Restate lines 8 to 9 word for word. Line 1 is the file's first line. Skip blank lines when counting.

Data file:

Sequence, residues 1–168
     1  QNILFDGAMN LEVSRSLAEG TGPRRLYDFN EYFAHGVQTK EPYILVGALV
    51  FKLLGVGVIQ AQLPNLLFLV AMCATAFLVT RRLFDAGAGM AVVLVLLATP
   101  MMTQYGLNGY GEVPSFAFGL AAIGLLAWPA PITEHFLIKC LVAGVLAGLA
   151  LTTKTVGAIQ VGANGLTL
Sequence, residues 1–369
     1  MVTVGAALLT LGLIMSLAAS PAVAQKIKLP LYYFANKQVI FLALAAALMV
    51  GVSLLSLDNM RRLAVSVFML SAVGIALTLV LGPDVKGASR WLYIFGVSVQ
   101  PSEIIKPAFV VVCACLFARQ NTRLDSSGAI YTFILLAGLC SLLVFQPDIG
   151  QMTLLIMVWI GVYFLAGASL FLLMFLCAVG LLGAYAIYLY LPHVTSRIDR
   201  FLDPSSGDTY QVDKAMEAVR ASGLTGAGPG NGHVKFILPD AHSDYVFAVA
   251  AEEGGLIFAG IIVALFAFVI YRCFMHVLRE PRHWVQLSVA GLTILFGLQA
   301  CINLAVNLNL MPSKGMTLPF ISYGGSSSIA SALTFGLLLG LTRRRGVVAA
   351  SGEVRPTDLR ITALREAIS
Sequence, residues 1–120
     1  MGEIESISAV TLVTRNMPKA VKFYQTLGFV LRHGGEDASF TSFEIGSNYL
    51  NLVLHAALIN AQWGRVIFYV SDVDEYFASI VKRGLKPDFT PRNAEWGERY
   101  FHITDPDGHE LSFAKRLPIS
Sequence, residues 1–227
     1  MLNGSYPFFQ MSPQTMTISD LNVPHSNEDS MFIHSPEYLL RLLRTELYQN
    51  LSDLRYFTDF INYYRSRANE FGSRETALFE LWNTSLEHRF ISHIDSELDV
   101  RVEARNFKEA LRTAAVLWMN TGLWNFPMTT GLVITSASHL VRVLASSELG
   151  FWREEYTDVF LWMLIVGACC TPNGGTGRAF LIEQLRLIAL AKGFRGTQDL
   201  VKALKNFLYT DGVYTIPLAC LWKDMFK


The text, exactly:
    51  GVSLLSLDNM RRLAVSVFML SAVGIALTLV LGPDVKGASR WLYIFGVSVQ
   101  PSEIIKPAFV VVCACLFARQ NTRLDSSGAI YTFILLAGLC SLLVFQPDIG